HL Deb 24 May 1819 vol 40 cc668-70

On the order of the day for the third reading of this bill,

Lord Auckland

addressed their lordships in support of it. He dwelt on the hardship and cruelty of employing children under ten years of age in the sweeping of chimnies, which this bill went to prevent. Another great hardship was, that of sending children out to do what was called crying the streets for employment; and that was also to be done away. The number of apprentices kept by each master was to be limited to four, in consequence of which, these would meet with better treatment from their masters; and no female children were to be employed in climbing. It was also provided that the summary convictions should take place before two justices. All these provisions had met with the approbation of the principal persons employed in the trade of sweeping chimnies, and also with the approbation of colonel Stephenson, surveyor-general of the board of works, who would give every possible encouragement to the use of machinery. His lordship concluded by expressing his hope that the House would agree to this bill.

The Lord Chancellor

argued strongly against the bill in its present shape, and, to a certain extent, against its principle. The learned lord referred to several inac- curacies or inconsistencies which still remained in the bill, which rendered it very unfit for the sanction of the House. In the bill as originally sent up, these were more numerous and striking, but still it contained a great deal which he regarded as highly objectionable. With respect to the prohibition against crying the streets, he wished to know what was the legal interpretation of that phrase. Was it intended that chimney sweepers should no longer give notice by the sound of their voice that they were in the streets ready to be employed? If so, the masters would give notice as effectually by knocking at every door, and making a loud noise with their brushes. Another absurdity in the bill was, that of inflicting a penalty for employing "any female-girl, or woman." Now, it would be difficult to find a girl or a woman who was not a female. He disapproved of the principle of legislation on which it proceeded: it would be much better to afford the relief which might be deemed necessary, by some general bill, which would extend its enactments also to other trades, which, more or less, might be considered as requiring legislative regulation.

The Marquis of Lansdowne

denied that there was any absurdity in the wording of the bill. That clause which went to check the inhuman practice of making females clean chimneys, was thus worded:—"Any female child, girl, or woman;" so far it was correct, and it was very proper to put a stop to so shocking a practice. He earnestly hoped that their lordships would not throw out the bill.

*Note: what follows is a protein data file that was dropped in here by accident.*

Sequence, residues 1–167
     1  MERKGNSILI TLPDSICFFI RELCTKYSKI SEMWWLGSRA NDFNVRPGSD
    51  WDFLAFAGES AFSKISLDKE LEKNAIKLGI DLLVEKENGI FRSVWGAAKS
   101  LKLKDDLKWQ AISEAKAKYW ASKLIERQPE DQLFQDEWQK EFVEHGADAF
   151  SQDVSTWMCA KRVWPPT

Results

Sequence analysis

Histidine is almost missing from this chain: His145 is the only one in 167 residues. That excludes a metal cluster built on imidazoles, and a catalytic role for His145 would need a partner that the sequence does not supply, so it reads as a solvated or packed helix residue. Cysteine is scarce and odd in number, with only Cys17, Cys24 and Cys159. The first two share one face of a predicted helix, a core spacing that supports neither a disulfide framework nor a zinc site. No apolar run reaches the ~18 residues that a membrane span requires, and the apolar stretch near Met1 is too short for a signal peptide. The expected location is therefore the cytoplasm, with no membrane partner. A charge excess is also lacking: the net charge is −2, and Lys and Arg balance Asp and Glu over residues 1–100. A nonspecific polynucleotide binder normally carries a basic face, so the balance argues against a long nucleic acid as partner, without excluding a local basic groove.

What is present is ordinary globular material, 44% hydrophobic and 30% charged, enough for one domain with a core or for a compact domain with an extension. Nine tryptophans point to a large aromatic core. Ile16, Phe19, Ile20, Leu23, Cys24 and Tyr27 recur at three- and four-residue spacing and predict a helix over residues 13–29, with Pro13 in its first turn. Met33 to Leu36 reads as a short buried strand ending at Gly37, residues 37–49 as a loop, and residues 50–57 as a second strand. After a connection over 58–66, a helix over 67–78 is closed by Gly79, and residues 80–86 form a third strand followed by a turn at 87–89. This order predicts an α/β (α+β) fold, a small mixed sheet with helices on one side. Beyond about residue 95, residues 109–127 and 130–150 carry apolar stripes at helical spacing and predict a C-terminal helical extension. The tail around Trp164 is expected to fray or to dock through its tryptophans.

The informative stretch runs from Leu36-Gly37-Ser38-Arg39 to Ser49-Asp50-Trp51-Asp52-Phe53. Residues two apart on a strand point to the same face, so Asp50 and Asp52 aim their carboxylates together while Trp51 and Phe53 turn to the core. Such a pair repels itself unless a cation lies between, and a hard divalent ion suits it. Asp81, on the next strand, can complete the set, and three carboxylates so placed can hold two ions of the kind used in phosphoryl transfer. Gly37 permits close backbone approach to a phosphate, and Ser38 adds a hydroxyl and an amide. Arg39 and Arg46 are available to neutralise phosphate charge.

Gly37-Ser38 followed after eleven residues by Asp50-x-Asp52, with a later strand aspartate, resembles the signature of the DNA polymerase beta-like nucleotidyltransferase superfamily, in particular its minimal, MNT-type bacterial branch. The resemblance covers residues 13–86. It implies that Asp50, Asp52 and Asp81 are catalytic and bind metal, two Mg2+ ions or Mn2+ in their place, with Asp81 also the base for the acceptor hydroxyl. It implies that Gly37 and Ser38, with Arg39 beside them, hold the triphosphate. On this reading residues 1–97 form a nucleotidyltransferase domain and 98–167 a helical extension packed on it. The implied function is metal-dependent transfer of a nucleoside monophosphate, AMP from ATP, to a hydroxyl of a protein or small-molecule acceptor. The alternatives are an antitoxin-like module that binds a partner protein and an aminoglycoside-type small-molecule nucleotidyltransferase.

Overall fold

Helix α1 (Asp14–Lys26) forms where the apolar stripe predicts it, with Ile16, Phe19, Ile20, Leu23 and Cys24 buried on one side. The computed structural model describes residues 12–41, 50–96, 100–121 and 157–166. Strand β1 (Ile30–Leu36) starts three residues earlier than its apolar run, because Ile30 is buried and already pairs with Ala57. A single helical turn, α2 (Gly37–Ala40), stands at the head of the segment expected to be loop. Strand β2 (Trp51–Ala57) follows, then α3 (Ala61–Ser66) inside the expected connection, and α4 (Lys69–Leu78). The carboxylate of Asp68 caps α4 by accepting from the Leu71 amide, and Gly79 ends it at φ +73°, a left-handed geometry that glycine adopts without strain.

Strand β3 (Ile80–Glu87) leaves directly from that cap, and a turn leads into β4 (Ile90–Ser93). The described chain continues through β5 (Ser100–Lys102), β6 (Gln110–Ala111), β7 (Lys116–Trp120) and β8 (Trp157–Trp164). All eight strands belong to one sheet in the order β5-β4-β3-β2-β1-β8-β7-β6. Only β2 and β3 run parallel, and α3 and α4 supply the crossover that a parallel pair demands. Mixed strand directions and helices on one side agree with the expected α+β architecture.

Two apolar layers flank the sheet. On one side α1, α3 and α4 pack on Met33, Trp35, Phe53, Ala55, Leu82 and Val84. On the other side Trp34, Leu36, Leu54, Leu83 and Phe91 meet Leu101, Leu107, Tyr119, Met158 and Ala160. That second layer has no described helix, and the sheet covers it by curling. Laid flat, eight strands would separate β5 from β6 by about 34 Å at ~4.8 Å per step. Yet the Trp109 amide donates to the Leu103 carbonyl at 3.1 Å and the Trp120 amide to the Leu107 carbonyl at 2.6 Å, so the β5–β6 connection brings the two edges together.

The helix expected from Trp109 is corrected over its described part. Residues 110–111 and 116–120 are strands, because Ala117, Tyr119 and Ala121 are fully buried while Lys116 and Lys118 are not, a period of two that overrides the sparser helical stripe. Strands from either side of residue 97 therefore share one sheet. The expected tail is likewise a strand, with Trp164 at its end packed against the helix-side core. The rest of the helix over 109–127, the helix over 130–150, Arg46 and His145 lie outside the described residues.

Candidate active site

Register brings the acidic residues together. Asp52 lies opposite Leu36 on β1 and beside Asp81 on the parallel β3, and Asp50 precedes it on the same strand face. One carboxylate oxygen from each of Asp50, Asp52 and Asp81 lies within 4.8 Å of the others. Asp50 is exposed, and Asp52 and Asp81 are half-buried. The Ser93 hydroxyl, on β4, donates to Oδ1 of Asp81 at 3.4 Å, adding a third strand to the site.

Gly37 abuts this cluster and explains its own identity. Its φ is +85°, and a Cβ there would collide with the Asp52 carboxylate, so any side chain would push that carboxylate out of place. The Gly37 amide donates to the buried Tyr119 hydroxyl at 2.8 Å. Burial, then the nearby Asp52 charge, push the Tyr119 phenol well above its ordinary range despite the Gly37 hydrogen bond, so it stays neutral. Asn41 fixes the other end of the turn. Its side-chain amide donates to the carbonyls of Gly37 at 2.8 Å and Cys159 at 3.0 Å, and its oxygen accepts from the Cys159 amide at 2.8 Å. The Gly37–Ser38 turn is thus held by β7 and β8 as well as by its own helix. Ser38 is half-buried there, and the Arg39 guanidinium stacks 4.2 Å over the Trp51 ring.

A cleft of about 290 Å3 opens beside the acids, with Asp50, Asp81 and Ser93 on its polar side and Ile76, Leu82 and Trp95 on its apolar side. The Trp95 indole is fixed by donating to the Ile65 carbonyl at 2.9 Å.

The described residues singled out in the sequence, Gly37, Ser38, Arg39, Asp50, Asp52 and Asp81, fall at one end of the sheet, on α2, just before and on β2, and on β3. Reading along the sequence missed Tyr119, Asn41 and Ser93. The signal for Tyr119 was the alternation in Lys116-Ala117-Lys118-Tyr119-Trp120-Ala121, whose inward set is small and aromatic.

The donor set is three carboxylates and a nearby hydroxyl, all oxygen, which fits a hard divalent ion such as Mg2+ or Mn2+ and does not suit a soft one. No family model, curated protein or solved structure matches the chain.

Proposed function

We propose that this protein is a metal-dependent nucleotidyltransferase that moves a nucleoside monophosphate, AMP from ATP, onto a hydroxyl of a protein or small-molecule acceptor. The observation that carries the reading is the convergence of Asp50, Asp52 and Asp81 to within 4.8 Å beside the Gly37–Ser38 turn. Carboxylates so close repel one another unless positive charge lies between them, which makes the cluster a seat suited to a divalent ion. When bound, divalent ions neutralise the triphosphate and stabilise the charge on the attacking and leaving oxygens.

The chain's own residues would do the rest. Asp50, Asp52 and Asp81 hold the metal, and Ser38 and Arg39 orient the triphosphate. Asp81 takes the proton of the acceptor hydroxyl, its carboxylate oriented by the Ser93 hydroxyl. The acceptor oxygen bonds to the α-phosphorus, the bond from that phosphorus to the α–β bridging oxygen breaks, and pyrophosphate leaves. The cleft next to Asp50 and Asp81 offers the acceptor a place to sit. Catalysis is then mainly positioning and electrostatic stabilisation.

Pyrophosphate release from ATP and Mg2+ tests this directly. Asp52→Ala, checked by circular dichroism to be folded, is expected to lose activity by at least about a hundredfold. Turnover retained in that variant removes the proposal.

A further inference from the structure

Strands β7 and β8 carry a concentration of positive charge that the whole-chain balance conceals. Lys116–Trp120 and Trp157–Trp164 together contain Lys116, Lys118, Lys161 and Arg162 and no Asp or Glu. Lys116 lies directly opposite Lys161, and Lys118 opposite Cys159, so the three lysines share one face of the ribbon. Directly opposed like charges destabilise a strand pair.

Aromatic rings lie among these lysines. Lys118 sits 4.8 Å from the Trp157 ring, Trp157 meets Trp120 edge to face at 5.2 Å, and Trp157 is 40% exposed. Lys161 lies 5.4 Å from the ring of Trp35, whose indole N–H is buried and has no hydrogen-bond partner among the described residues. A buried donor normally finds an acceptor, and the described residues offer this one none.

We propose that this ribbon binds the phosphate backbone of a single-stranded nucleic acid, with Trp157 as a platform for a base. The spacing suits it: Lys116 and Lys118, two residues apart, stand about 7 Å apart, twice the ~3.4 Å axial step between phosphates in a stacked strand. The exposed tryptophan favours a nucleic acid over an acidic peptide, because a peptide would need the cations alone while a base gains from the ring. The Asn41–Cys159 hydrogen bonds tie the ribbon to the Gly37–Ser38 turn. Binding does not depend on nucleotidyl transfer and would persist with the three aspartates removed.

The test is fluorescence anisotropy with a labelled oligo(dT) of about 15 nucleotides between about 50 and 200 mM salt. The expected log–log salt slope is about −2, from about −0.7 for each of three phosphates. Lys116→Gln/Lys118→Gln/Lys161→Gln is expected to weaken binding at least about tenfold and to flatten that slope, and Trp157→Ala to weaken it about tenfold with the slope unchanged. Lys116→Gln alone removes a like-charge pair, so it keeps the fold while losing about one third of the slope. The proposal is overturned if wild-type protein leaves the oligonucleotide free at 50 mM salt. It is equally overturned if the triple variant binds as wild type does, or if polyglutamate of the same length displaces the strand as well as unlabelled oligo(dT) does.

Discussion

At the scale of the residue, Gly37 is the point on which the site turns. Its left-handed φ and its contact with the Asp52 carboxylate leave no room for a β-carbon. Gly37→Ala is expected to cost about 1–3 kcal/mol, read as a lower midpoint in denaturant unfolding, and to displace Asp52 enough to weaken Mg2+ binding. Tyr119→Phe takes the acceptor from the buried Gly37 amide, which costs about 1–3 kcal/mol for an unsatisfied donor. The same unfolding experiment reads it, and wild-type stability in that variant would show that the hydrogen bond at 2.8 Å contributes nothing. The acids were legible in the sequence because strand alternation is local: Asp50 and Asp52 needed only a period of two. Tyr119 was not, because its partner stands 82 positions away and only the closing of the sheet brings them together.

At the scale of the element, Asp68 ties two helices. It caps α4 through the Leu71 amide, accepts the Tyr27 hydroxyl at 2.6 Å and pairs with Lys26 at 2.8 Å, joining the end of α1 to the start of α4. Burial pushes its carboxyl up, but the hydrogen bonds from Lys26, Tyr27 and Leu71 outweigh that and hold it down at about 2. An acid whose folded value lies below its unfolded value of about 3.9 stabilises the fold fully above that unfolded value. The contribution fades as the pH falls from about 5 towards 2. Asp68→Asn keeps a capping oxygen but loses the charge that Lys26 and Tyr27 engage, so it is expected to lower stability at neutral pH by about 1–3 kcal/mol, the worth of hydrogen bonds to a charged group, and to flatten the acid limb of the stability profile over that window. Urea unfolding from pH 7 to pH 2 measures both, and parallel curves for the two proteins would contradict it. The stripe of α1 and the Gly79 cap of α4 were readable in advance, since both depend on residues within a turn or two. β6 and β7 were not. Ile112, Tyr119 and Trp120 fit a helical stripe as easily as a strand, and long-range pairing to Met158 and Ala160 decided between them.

The Earl of Lauderdale

observed, that if machinery were to be employed, boys would still be exposed to as much danger as they were hitherto. He objected to this bill, because it was not fit for the legislature to lay down rules of humanity to individuals; because, by doing so, the very principles of humanity would be rooted up: for greater cruelties would then be practised, than any which the bill went to provide against. It was impossible, without great injustice and public inconvenience, for their lordships to legislate on subjects of this kind. It was somewhat of the same nature with the bill for regulating the labour of children in cotton factories; and with the poor laws. These latter originated in a mistaken spirit of humanity, the attempt to enforce which by law, had produced effects the very opposite of those which were intended; together with all that complicated mass of evil, which was now felt in every part of England. If the legislature attempted to lay down a moral code for the people, there was always a danger that every feeling of benevolence would be extirpated, it was like making a law to regulate the mode in which a painter was to execute his work. The painter might conform to the law, but his taste would be destroyed. For these reasons, he should oppose the bill.

Lord King

supported the bill, because he understood it met with the concurrence of most of the master chimney-sweepers, and because he thought it would be productive of great benefit.

Lord Auckland

addressed their lordships, in reply. He said, the bill did no more than adopt practical rules, that had been laid down by persons in the trade, for the better conduct of the trade; and as it tended greatly to promote the principles of humanity, by mitigating the hardships to which children were subject, he hoped their lordships would not object.

The House then divided: Contents, 12; Not Contents, 32; Majority against the bill, 20. The bill was consequently lost.